Rather than getting skis that skid more easily, why not learn to ski with less skidding?  From what I understand, better skiing often involves less skidding, unless we're talking about powder.  I'd also bet that one with better skills would be able to skid the AC's when desired.  Take some lessons.  Learn to carve.  Learn to bend the skis.  Learn a proper short radius turn.  Use that in moguls and trees.  Look up SVMM.

 

In the long run, you'll be better off investing in lessons early on rather than switching to easy-skid skis now.  Just my opinion.

post #7 of 13

As has been said above, the Volkl "AC" series isn't really a race ski, although it probably shares some characteristics with race skis.

 

One key reason why you find it easier to ski the public enemy's vs. the AC's is the shape of the tail.  The AC series has a pretty flat square tail, which (amoung other things) maximizes the amount of ski that's in length with the snow, which in turn maximizes edge grip, which in turn makes it somewhat unfriendly to heavily skidded turns -- i.e., the tail wants to keep gripping the snow, and the chattering you're feeling is the tail constantly breaking loose.

 

Public Enemy's (and many other skis) have skis that are turned up at the tail (i.e., twin tips).  This effectively decreases the amount of ski edge in contact with the snow and enables you to release the old turn a whole lot easier -- i.e., the ski just wants to let go.  When you're skiing bumps, trees, etc., there is a certain advantage to being able to release the old turn really easily and really quickly.

 

Also, the Public Enemy skis are nowhere nearly as stiff as the AC-series of skis, which is also contributing somewhat to how easily you can turn it.  At some level you've got to be able to bend the ski before you can cleanly turn it.  Bending a really stiff ski involves either you being heavy to begin with or skiing really fast so that you can recruit some extra forces from the turn into bending the ski.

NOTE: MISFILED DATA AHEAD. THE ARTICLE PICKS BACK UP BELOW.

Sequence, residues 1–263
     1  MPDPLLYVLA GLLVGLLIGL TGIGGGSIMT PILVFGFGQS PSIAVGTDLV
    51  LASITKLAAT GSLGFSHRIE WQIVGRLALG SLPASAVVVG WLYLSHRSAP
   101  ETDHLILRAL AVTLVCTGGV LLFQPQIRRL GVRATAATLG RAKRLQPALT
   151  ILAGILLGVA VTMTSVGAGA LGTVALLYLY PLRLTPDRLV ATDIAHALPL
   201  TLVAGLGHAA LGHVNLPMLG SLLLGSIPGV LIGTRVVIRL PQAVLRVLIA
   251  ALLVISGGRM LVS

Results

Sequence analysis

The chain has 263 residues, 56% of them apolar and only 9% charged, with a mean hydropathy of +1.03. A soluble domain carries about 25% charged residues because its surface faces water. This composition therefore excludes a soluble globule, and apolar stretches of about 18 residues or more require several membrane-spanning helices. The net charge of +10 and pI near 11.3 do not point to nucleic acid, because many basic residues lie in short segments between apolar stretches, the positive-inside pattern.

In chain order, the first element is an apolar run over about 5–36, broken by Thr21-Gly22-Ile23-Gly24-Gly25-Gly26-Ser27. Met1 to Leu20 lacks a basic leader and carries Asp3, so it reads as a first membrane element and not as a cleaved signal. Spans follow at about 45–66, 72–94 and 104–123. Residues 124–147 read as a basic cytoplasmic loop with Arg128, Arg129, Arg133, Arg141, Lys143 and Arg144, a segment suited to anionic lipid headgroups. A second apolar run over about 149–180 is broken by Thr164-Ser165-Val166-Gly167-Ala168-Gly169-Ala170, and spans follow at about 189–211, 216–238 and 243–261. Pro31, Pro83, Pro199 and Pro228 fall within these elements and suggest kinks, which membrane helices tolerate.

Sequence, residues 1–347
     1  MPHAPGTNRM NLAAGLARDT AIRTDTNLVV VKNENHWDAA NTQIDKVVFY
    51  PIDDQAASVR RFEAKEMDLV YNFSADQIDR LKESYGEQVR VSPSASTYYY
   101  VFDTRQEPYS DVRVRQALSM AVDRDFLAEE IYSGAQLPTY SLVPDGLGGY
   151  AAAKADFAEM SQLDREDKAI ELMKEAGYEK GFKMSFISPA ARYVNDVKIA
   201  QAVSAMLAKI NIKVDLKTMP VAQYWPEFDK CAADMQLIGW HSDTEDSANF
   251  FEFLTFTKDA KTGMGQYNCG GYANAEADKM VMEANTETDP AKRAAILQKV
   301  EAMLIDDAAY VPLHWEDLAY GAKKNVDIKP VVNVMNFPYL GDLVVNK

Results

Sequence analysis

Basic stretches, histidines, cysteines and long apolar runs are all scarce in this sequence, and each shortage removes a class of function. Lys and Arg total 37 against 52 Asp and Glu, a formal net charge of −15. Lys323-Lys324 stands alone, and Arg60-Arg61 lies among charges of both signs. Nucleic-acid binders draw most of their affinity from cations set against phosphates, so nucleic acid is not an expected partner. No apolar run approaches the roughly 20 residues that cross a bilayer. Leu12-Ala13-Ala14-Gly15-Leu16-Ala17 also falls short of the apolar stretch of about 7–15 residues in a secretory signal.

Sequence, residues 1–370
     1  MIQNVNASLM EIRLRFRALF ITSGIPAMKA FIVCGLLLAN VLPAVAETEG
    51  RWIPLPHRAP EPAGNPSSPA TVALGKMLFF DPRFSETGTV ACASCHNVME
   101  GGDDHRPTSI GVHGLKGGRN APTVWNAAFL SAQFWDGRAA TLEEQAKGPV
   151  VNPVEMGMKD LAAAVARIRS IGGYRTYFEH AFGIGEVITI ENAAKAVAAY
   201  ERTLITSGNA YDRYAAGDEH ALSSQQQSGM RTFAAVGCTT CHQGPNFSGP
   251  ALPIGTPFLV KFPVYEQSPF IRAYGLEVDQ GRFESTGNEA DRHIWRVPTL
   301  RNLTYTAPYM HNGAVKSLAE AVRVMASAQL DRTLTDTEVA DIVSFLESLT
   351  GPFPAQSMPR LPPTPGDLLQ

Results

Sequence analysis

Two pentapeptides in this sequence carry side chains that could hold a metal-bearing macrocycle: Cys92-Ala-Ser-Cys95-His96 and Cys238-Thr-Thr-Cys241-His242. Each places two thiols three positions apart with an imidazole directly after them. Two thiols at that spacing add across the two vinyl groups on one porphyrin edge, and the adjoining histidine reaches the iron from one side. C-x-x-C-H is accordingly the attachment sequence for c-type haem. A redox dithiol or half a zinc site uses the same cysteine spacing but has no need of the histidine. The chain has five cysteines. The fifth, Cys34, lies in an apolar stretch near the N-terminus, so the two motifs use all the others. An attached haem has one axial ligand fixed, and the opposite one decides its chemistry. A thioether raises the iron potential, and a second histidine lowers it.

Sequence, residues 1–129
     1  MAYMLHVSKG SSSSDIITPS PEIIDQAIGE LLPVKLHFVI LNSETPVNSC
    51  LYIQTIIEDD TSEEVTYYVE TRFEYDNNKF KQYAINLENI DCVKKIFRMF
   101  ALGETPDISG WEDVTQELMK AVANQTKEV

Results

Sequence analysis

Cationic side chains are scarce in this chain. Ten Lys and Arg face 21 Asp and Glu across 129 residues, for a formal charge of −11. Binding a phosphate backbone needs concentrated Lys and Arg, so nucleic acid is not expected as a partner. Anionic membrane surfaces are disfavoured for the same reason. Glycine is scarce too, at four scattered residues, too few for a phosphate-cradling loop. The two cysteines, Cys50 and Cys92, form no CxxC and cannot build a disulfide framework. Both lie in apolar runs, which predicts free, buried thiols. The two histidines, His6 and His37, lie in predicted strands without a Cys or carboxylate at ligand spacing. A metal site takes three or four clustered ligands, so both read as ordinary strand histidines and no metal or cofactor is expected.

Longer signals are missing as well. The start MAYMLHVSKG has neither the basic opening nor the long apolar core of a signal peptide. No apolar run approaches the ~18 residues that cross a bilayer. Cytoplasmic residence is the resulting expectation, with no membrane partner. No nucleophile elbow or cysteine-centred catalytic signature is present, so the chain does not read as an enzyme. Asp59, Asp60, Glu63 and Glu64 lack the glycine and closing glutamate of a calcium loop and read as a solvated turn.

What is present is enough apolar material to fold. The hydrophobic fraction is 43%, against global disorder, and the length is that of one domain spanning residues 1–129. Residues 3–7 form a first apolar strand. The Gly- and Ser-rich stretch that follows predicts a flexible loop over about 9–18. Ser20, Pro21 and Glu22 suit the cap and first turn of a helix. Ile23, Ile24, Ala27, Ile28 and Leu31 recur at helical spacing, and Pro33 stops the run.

Is one tail design better then the other?  Depends on what you're trying to do.  I prefer square-ish tailed skis as I live in New England and hardpack is a way of life.  i.e., I value edge grip.  I like skiing bumps, and yeah, sometimes there is a trade off -- i.e., lots of edge grip while skiing bumps isn't necessarily a good thing.  Then again, lots of edge grip while navigating the groomers that get me to the bump run is a good thing.  Six of one, half a dozen of the other...If I lived out west and never had to worry about needing lots of edge grip...  I might think differently.

post #8 of 13

Twin are easier to skid because they have softer flex. I am pretty good skier but easier to skid skis are great for what you want to ski for you or me.

 

Xela curious about this proper technique you speak of? I bet your proper technique wouldnt all hold a candle to someone who can skid well in all conditions when in trees.

 

chris719 who says skiiding or twin tips will cause you to push your tails out?

 

long story short if your goals are to ski tree and powder. get a twin tip. If your a good enough skier youll be able to ski them anywhere including high edge angle carving on groomers.